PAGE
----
Trevor Evans under the frame of the soon-to-be built Mountain Pygmy-possum breeding facility at Secret Creek Sanctuary. Photo: Trevor Evans

“One of these will house a much larger number of Mountain Pygmy-possums than we are able to house now, while in the other we will genetically select pairs for breeding in specially designed nest-boxes.”

Chrissie Goldrick, Editor-in-Chief of Australian Geographic, summed up the Australian Geographic Society’s support for the Burramys Project.

“Accelerating climate change demands innovative approaches to the conservation of at-risk species like the Mountain Pygmy-possum which is why this Society will continue its long-term support of the Burramys Project in any way we can.”

Managing Director of Australian Geographic Jo Runciman says: “The Australian Geographic Society and our magazine subscribers are very proud to have been able to support this project and to have played a role in securing the future of this very special species.”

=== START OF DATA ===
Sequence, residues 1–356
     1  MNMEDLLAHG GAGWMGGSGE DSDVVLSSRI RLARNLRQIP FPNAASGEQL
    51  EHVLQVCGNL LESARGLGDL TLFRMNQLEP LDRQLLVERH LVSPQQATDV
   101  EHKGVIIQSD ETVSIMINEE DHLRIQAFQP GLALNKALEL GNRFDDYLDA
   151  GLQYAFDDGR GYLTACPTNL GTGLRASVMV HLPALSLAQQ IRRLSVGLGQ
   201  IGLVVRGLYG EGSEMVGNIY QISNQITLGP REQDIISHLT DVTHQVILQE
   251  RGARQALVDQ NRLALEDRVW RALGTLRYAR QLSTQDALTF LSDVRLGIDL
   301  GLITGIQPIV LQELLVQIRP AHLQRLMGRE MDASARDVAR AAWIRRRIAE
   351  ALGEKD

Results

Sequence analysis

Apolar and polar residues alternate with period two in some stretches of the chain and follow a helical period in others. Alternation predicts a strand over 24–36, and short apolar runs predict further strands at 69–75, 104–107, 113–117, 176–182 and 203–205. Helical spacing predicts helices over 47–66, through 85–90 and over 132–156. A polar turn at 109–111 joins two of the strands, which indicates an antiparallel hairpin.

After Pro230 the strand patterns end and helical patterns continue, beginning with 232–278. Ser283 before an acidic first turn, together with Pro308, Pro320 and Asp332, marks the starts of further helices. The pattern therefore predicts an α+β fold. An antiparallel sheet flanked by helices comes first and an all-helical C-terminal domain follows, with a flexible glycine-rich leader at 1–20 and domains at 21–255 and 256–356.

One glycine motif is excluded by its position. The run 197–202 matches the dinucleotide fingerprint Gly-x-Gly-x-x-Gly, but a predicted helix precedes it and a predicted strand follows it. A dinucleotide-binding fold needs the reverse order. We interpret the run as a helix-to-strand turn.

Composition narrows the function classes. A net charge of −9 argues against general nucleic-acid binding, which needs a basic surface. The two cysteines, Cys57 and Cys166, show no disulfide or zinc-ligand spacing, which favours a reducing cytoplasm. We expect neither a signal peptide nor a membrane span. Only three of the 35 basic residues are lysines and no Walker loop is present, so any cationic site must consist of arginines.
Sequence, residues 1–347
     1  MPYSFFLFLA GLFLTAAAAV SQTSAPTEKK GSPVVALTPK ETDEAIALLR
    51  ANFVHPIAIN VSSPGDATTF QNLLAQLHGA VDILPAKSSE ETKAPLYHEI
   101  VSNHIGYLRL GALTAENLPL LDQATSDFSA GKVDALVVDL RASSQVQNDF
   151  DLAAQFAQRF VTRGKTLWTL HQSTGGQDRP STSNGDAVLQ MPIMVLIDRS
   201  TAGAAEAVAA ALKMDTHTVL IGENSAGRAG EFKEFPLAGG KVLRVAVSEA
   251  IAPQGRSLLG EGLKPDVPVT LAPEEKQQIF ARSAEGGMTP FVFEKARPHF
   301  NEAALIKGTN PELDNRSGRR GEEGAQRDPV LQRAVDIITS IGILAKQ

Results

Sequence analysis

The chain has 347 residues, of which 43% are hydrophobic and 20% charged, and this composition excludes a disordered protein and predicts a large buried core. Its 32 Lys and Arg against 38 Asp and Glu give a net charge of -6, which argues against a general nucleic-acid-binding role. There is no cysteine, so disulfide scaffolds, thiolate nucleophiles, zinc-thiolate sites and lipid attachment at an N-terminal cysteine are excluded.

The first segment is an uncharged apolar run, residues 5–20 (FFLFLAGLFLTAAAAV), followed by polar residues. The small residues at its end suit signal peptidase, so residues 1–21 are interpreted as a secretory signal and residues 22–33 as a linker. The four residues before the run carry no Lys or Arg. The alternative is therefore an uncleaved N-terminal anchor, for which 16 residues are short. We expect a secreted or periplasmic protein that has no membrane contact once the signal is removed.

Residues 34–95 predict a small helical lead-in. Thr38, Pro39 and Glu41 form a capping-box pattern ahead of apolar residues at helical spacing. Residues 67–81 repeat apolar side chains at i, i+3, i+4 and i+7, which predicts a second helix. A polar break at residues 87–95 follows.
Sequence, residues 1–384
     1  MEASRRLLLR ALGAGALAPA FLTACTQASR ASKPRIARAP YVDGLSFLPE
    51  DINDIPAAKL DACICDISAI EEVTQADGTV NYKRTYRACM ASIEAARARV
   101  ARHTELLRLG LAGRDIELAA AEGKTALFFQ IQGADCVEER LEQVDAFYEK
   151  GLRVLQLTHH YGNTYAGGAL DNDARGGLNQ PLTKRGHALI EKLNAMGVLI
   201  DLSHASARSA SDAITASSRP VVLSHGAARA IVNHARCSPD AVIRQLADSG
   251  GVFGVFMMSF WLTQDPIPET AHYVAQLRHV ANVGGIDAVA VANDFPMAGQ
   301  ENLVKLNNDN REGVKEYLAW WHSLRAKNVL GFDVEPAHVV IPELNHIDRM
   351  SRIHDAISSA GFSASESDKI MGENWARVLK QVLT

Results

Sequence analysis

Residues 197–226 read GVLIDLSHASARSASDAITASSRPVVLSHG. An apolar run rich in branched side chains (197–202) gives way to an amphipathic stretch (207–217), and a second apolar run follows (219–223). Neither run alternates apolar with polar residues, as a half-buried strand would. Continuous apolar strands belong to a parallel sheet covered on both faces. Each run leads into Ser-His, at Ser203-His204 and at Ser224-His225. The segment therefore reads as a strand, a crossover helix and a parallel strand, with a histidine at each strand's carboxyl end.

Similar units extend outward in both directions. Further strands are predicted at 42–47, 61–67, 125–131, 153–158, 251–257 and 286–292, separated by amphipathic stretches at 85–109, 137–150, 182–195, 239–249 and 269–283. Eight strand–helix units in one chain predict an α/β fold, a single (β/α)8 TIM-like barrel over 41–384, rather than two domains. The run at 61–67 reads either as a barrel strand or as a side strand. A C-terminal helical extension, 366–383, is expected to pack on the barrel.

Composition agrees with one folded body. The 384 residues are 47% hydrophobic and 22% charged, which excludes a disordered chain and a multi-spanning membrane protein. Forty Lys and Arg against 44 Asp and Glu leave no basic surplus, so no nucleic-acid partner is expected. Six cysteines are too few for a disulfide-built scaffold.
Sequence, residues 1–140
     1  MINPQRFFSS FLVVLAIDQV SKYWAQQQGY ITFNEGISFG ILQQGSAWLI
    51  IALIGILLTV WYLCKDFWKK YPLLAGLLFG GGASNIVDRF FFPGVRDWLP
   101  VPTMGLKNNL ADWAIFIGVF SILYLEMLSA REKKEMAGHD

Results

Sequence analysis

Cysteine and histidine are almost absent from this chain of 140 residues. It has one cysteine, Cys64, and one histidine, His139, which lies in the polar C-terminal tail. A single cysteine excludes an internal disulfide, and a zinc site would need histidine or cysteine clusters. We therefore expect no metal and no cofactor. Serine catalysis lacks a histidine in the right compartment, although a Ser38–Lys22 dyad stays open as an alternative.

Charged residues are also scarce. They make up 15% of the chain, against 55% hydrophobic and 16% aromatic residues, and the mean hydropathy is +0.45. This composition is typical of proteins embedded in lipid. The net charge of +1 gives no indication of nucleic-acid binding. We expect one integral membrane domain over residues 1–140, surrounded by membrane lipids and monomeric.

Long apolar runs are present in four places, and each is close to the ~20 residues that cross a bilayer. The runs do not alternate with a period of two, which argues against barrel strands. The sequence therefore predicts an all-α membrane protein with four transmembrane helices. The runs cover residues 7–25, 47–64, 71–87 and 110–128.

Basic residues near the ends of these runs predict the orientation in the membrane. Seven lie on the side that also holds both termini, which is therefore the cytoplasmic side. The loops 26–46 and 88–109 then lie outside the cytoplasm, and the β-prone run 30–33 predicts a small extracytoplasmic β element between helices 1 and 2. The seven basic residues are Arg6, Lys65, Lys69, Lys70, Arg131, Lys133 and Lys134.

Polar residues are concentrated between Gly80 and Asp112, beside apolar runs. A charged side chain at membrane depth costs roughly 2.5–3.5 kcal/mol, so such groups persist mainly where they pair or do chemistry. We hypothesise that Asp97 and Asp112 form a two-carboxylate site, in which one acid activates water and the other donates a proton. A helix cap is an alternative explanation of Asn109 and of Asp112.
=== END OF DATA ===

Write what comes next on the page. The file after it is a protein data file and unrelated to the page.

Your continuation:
Helping hand

UNSW Knowledge Exchange Director, Warwick Dawson, who with Prof. Archer signed a partnership agreement with Prague Zoo, says getting a program like this off the ground requires funds as well as friends.

“It’s heartening to know that the plight of a tiny marsupial struggling to survive can attract financial support from the other side of the world thanks to our friends at the Prague Zoo,” Mr Dawson says.

“Through their help, together with funds raised by our local friends including UNSW donor, the late Gary Johnston, we now have the best chance yet to save one of Australia’s most beguiling marsupials. It would be a tragedy if this creature became a casualty of climate change after 25 million years of history on this continent.

“This is an excellent example of the translation of UNSW expertise and knowledge into profound environmental impact.”

/Public Release. This material comes from the originating organization/author(s)and may be of a point-in-time nature, edited for clarity, style and length. The views and opinions expressed are those of the author(s).View in full here.